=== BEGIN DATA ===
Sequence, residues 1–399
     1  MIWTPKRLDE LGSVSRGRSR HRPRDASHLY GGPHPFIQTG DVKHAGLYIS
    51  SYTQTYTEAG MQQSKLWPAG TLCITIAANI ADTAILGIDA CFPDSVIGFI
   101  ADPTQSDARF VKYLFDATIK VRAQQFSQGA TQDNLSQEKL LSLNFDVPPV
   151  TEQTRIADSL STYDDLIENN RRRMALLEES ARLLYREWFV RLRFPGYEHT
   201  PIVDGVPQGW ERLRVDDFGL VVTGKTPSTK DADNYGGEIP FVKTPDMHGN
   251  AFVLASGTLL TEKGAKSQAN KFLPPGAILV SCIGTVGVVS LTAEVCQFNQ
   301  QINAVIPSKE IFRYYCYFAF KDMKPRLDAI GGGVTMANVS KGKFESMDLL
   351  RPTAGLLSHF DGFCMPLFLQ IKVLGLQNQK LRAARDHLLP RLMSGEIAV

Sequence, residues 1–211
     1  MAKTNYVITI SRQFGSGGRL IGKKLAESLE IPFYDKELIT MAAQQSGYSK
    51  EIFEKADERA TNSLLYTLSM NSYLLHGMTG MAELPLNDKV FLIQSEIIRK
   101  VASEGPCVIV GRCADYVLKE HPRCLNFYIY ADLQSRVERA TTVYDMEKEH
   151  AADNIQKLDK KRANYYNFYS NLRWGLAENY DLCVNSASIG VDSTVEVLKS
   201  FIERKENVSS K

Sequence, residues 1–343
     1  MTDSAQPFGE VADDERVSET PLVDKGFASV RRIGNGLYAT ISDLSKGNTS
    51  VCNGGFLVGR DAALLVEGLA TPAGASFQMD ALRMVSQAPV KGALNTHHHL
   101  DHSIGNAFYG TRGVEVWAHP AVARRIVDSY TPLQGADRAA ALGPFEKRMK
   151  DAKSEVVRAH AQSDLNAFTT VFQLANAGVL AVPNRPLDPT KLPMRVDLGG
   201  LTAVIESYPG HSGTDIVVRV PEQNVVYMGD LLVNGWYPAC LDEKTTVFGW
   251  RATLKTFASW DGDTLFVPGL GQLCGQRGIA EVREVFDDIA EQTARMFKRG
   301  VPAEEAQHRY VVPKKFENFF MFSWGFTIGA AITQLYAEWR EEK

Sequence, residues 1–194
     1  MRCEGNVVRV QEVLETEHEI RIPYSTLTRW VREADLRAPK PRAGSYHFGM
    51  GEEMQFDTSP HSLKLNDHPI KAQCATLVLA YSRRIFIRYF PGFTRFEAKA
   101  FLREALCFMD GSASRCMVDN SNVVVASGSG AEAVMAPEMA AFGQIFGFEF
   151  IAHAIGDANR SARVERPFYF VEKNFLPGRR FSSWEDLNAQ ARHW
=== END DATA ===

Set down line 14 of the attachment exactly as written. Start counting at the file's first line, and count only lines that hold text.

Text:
   151  AADNIQKLDK KRANYYNFYS NLRWGLAENY DLCVNSASIG VDSTVEVLKS